Tasha Elizarde, a Juneau-Douglas High School senior, told the world last week that she used to know nothing about sex.
“I didn’t even know a lot of stuff about health things, too. Like, I didn’t know about my period. That’s the one story that I always jump to because it was so big. I didn’t know about it until I got it and even when I got it, I ignored it at first until my mom kind of forced me to talk about it,” Elizarde said during an interview last week. “I really didn’t know anything until, like, actually this year. I didn’t know a lot of things.”
The 17-year-old wrote about her journey “from knowing nothing about sex to becoming a sex-ed activist” in a post she wrote for MTV News titled, “The Power of Understanding Your Body.”
She wrote that she’s not alone when it comes to being naïve about one’s body and she hoped to reach those teens through her writing.
“Less than a quarter of Alaskan schools taught the recommended HIV, STD, and pregnancy prevention topics during the 2013–14 school year, beating all but three other states for lack of access to sex education,” Elizarde wrote in the post.
Elizarde credits her newfound self-awareness to Teen Council, a peer education program of Planned Parenthood. Every week, Elizarde meets with nine other teens and a Planned Parenthood educator to discuss various sexual health and relationship issues. She first joined Teen Council in May 2015.
“You could easily say that sex ed is important, but it’s completely different to say that it’s also empowering. It just gives us so much information about your body and through that, you are kind of able to accept yourself more and, in a way, knowing the information is almost like having another support system behind you,” Elizarde said.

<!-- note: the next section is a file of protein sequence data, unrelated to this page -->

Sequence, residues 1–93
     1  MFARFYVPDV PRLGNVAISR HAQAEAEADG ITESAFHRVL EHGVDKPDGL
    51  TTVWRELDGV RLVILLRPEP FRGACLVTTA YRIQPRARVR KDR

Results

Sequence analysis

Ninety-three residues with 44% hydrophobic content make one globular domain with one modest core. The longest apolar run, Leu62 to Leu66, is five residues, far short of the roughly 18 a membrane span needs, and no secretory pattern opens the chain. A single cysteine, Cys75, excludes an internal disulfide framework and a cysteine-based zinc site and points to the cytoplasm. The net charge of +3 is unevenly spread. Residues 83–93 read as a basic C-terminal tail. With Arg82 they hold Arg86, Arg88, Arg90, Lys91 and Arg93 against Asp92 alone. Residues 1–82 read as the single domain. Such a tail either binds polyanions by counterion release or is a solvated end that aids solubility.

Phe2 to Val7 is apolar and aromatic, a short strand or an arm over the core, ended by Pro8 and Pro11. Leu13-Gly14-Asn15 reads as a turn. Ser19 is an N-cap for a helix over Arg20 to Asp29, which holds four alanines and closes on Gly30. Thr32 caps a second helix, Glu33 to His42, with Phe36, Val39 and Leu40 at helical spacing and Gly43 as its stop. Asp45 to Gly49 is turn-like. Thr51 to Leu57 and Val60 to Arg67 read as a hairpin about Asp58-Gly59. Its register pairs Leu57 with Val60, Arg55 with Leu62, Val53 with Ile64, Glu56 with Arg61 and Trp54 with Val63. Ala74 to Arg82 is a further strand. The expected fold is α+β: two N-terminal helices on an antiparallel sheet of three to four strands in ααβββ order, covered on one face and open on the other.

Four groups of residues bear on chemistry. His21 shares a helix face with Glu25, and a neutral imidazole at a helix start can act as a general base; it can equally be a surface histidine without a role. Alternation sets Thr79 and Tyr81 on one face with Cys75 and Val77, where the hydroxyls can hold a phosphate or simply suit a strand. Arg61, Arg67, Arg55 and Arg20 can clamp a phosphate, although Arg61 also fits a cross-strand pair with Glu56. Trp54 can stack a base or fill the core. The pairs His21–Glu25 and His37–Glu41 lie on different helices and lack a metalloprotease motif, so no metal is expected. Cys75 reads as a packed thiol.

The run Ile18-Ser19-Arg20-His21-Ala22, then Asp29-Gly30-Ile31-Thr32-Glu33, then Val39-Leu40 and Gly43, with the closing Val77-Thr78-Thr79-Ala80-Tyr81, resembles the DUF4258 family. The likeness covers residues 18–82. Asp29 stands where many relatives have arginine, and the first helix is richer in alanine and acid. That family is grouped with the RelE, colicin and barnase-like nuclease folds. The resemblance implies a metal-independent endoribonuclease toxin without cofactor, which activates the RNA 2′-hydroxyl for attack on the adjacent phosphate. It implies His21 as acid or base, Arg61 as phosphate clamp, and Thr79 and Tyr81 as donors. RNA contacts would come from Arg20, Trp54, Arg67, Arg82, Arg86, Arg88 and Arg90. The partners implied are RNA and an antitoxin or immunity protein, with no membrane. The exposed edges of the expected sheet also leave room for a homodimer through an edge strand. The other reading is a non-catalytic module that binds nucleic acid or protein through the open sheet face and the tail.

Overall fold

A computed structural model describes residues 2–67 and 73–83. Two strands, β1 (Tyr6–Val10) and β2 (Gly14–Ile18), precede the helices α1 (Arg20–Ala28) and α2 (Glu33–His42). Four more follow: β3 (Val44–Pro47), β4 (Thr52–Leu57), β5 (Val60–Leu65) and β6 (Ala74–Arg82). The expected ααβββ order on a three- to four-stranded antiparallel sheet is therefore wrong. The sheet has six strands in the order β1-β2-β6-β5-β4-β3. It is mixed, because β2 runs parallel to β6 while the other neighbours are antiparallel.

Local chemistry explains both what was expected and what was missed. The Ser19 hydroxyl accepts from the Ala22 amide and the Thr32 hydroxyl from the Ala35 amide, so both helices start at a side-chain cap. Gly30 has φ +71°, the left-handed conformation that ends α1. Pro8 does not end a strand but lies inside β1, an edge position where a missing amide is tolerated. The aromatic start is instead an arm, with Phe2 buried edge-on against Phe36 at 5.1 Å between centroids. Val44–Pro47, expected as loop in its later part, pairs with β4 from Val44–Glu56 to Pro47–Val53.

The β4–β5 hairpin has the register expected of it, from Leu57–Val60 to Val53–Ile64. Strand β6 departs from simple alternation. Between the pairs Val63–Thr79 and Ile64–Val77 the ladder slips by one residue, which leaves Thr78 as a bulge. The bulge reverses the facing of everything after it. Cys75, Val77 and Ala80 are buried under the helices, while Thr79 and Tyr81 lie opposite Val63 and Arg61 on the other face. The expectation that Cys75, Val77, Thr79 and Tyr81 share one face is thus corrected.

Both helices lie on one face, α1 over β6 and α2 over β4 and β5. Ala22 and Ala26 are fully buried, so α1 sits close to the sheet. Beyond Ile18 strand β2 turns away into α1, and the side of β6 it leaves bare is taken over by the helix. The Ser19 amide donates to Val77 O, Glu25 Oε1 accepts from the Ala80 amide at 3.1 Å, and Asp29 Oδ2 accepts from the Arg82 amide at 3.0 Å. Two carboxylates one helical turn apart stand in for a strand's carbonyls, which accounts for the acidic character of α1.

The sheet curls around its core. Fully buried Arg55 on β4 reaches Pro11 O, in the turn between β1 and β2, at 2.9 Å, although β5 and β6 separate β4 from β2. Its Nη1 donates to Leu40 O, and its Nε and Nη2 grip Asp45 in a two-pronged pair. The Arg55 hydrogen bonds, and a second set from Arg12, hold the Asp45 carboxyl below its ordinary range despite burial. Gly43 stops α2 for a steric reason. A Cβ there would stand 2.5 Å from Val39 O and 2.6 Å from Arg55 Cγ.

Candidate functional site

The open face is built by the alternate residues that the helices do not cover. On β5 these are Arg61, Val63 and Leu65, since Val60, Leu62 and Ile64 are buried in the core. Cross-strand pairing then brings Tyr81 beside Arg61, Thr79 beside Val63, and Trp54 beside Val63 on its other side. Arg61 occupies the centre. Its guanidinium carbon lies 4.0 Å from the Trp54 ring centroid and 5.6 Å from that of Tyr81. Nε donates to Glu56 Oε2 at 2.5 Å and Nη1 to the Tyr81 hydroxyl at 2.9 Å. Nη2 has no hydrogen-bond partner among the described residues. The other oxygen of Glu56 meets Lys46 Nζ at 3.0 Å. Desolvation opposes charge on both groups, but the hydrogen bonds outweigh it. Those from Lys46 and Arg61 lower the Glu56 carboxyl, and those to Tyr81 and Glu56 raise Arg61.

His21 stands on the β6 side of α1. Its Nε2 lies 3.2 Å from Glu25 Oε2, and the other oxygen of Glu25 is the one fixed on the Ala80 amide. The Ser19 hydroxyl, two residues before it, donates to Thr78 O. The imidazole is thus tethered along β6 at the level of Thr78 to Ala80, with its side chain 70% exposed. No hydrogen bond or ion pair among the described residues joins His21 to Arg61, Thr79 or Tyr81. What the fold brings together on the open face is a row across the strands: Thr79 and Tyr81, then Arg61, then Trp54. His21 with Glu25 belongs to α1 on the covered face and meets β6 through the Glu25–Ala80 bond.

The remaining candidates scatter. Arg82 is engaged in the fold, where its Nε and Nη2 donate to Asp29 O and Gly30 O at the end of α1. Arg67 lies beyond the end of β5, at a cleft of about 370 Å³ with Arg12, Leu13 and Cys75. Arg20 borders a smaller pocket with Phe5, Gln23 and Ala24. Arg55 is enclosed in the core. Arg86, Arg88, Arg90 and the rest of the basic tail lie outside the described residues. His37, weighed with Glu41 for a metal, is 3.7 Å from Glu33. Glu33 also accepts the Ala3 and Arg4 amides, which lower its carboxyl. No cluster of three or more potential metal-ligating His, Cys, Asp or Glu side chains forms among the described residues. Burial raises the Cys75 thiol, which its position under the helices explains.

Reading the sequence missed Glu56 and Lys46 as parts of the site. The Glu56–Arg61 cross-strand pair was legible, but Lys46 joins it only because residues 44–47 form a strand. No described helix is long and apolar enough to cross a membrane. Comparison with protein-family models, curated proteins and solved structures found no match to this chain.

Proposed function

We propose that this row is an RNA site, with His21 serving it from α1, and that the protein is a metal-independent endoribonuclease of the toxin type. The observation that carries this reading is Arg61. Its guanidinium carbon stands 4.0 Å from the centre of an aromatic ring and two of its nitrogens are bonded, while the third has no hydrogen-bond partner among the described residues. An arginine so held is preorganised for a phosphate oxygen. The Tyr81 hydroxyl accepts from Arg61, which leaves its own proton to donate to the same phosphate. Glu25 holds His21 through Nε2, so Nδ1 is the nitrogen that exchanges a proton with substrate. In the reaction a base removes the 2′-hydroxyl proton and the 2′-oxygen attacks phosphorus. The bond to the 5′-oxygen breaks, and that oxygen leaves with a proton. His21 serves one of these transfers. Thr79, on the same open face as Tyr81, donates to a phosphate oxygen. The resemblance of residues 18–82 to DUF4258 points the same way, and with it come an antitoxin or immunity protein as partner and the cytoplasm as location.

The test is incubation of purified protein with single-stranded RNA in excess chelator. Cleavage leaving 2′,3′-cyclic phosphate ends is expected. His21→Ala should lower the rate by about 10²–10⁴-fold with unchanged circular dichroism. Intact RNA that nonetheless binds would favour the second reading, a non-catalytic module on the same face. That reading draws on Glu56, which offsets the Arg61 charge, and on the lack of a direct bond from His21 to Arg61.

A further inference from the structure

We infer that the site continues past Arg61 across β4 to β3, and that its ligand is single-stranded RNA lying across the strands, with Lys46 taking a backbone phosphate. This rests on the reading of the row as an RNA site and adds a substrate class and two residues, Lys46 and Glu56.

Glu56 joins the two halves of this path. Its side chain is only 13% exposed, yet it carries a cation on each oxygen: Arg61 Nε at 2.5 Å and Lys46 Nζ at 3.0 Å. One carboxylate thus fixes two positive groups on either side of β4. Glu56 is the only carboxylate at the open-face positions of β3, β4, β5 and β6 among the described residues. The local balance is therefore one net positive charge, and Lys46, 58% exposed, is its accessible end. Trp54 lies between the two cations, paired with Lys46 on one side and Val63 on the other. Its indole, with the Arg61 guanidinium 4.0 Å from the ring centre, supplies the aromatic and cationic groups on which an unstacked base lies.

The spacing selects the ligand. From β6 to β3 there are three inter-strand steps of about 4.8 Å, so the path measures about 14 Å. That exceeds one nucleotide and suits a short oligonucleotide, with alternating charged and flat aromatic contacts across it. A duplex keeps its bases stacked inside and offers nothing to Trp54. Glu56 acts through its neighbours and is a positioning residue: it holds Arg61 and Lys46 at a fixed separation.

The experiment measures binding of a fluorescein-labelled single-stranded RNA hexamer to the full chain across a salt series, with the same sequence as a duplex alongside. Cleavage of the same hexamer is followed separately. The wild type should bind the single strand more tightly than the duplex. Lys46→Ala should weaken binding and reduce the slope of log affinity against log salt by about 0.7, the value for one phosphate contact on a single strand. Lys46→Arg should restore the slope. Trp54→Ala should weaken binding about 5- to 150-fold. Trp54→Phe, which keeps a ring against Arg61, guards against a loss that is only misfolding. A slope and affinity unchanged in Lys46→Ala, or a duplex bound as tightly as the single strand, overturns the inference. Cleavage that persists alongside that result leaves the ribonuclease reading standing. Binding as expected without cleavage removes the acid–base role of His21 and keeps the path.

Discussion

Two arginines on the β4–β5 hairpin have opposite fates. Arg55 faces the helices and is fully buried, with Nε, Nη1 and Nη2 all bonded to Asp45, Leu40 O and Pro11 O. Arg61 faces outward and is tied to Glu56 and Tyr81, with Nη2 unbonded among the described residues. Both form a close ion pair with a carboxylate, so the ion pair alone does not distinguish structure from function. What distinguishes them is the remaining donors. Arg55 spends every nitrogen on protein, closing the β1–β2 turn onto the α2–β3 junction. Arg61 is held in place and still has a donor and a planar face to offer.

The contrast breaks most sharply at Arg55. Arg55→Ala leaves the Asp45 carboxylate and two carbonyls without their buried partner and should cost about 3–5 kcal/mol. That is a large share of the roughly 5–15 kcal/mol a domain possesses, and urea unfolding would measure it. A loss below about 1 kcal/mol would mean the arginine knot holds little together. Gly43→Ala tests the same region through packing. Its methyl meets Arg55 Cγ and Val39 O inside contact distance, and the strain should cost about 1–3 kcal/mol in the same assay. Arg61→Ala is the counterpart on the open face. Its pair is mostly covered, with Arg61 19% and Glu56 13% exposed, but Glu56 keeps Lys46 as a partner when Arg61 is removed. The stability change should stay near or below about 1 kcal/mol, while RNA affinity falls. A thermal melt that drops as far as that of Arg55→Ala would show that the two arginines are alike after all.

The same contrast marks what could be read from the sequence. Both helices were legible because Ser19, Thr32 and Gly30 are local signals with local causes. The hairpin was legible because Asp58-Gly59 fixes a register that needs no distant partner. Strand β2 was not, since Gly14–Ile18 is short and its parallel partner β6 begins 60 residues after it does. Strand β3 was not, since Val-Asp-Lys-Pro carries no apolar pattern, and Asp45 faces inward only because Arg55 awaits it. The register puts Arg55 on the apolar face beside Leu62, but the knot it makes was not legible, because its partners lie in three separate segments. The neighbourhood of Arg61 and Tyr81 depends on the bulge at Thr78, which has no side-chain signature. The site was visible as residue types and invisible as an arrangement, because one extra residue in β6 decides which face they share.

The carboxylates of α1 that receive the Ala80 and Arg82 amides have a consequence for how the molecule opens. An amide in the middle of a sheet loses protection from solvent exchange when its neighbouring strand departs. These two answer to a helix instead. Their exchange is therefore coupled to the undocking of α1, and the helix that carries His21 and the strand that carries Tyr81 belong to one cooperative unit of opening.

She added: “Knowing yourself and knowing your body allows you to just progress farther in life.”
In the MTV News article, Elizarde wrote about her transformation from “the shy kid who sat as close to the classroom door as possible” to testifying in the Alaska State Capitol “for the first time against a legislative attack on sex education.”
She was speaking against Wasilla Republican Sen. Mike Dunleavy’s Senate Bill 89. Parts of that bill, in a transformed version, got attached to House Bill 156, which becomes law next month. The Juneau School District has already taken its first step in adhering to HB 156, presenting a list of sex ed educators to the school board for approval. Elizarde said the vetting of educators, their credentials and the curricula “really hinders access to sex ed in a lot of Alaskan communities. Our state really took a disappointing step in the wrong direction with this new law.”
This is Teen Council’s fourth full year in Juneau. Recently, Elizarde said the group talked about abstinence and decision-making.
“We had a discussion on how personal values affect what we think abstinence is and what we think sex is. I think a huge thing that I’ve carried with me through Teen Council and through every lesson … is the value of personal choice and what you believe in yourself is important,” she said.
The information she’s learned from Teen Council hasn’t just changed her life — she’s been able to help her friends and peers. In the MTV News post, she wrote about guiding a friend to the school’s teen health center “because she couldn’t afford birth control.”
“She knew I was connected to Teen Council and she would ask me random questions like, ‘What do you think about birth control?’ I was able to provide information to her about birth control and after a while she was asking me for ways that she can get birth control,” Elizarde elaborated during the interview.